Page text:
Terfel sings characterfully of land and sea at Tanglewood
Bryn Terfel, with his nimble, earthy vocal tone and towering build, strikes a commanding figure on the operatic stage. But in his program of German and English songs Thursday night at Tanglewood’s Ozawa Hall, the Welsh bass-baritone also proved as versatile an actor and storyteller in more bite-sized works. In each, he mined the music for dramatic essence, maneuvering between grand, stoic, and even comical presences with flair.
He set the tone for the evening with a trilogy of John Ireland songs, each one a setting of John Masefield’s poetry. The soft, impressionistic hues of Sea Fever, Vagabond, and The Bells of San Marie—chestnuts in Terfel’s concert repertoire—were charming in their modal-inflected sonorities and free-flowing rhythm. At the piano, Natalia Katyukova answered with a delicate and sensitively played accompaniment, a distinguishing feature she carried throughout the program.
Masefield’s lyrics also gave plenty of room for the singer to explore the humorous side of the rum-loving sailor in Peter Warlock’s Captain Stratton’s Fancy. Terfel gestured freely with his hands, cast his gaze around the hall to connect with listeners, and even punctuated Warlock’s drinking song with a hiccup. Terfel and Katyukova kept to a slow tempo to make room for expressive freedom and, perhaps, for the pianist to negotiate the bustling piano part. This otherwise spirited and humorous performance came off a little cautious as a result.
Sedate tempos, though, well suited the rendering of Frederick Keel’s “Three Salt Water Ballads.” Terfel’s saccharine tone and colorful diction (abundant rolled R’s and percussive T’s) for the first of these, Port of Many Ships, an evocative ballad in the style of Ireland’s Sea Fever, captured the Edwardian nostalgia for the sea. Terfel lightened the mood in Trade Winds, squeezing his vocal tone to portray the squeaking fiddles referenced in the verse. The tongue-twisting ballad Mother Carey, also featured the baritone in fine dramatic form as he sang of the horrors of the legendary sea witch.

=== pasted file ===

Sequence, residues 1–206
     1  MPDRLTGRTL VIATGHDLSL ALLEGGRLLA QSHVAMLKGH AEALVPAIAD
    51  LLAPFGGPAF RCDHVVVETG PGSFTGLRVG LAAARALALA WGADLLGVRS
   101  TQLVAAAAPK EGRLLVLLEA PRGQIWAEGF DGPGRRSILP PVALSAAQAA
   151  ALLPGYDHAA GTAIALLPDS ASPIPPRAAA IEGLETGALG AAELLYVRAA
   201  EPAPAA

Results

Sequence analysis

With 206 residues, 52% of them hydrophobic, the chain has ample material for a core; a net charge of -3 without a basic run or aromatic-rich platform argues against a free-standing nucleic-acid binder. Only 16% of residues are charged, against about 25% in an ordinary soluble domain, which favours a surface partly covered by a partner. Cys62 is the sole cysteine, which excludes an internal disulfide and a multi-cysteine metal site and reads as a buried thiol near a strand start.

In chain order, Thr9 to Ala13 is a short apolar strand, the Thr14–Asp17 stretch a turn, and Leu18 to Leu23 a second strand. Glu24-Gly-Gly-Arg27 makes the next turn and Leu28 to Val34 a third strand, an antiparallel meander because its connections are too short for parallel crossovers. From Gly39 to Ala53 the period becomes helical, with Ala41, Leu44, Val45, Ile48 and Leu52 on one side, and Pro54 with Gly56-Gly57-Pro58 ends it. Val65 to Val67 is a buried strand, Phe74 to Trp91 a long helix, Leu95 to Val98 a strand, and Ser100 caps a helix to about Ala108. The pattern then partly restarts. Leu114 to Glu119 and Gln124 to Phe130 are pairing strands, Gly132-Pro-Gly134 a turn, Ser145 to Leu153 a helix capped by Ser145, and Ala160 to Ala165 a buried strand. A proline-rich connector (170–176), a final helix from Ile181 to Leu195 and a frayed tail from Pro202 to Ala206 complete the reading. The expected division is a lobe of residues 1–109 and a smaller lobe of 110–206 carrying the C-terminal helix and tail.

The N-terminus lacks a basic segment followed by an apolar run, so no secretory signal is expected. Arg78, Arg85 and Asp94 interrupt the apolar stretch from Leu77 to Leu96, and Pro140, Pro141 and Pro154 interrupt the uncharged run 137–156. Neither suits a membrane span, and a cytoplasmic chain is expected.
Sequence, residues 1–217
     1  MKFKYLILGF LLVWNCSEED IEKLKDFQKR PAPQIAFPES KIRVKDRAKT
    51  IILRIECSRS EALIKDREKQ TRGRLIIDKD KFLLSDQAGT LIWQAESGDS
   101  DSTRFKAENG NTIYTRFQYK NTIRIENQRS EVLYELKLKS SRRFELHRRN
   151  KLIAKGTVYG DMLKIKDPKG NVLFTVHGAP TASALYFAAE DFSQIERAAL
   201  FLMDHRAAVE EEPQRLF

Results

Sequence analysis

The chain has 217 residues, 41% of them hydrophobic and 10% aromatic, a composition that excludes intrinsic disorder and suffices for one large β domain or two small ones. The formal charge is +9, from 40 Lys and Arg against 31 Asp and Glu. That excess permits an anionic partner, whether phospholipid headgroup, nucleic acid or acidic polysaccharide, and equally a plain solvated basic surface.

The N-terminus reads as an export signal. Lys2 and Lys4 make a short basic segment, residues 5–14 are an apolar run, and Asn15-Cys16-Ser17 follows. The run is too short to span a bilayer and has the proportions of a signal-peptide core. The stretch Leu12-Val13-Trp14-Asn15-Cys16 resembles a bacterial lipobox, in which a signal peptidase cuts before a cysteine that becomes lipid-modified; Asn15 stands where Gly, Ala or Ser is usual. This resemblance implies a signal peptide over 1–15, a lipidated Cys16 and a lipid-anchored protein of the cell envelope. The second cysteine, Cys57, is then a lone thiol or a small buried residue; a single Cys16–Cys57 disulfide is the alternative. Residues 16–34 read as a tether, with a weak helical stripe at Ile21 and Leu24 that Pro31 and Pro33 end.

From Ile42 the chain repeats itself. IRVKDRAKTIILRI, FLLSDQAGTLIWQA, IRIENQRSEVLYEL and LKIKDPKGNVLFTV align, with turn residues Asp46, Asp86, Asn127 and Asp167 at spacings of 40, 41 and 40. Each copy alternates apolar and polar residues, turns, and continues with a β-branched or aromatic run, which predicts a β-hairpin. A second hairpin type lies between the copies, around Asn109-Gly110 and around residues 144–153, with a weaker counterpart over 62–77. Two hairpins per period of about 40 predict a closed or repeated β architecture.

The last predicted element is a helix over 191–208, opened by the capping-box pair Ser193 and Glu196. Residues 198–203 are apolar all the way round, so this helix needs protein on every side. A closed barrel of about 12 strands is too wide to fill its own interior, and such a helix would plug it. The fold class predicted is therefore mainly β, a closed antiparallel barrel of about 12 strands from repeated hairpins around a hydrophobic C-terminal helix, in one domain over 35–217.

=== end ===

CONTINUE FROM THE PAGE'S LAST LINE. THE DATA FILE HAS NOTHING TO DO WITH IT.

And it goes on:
A setting of Roger Quilter songs had direct appeal. Terfel, with full control of his silvery upper range in soft volume, gave the lines of Weep You No More, Sad Fountains an achingly beautiful touch. His elegant sound and restraint brought shape to the melodies of Go, Lovely Rose and Fair House of Joy as well.
For the second half, Terfel turned to German song. Robert Schumann’s Widmung and Du bist eine Blume provided more opportunity for the singer to show off the sweeter side of his upper register. Schumann’s evocative piano writing also enabled Katyukova to explore a wider range of the keyboard, especially when portraying the bumpy slow-moving cart in Mein Wagen rollet langsam. Here as well, Terfel made the character in Heinrich Heine’s poem his own, laying back on the tempo and lightening his tone as the cart driver slips into a daydream.
The most dramatic of the Schumann set, Die Beiden Grenadiere, mocks French patriotism at the end of the Napoleonic wars. Through Terfel’s speech-like delivery of Heine’s verse, two soldiers lament the fall of Napoleon. His full-throated intoning of La Marseillaise quotation and soft-toned conclusion transformed the song’s theme from derision into tragedy.
Returning to themes of seafaring and nostalgia, Terfel offered Schubert’s Auf den Wasser zu singen and, aided by Katyukova’s cascading piano figures, kept the music moving in gentle ebb and flow. Singer and pianist opened the throttle for a character-filled Die Forelle. Schubert’s prayerful Litanei featured Terfel at his most subdued and haunting. He sang each verse softer than the previous one; by the final line, his singing sounded barely above a whisper.
To close, Terfel returned to music of the British isles, performing a heartfelt collection of the traditional songs Danny Boy, Passing By, the Welsh anthem Ar hyd y nôs (All through the night), and Loch Lomond. For the final one, Terfel invited everyone to sing along to the chorus.
He wasn’t convinced by the effort. “Come on! They did it better in New York,” he joked before making everyone sing it again.
Enthusiastic applause brought Terfel back to the stage three times for encores. Humorous ballads The Green-eyed Dragon and The Big Brown Bear featured Terfel growling like the animals themselves. His closing number, Home on the Range, was a witty and touching tribute to another operatic and concert baritone, John Charles Thomas, who himself famously offered the song as an encore after a performance of Aïda.
Bryn Terfel, mezzo-soprano Katarina Dalayman and soprano Amber Wagner will perform Act 3 of Wagner’s Die Walküre, 8:30 p.m. Saturday at the Koussevitsky Shed. bso.org
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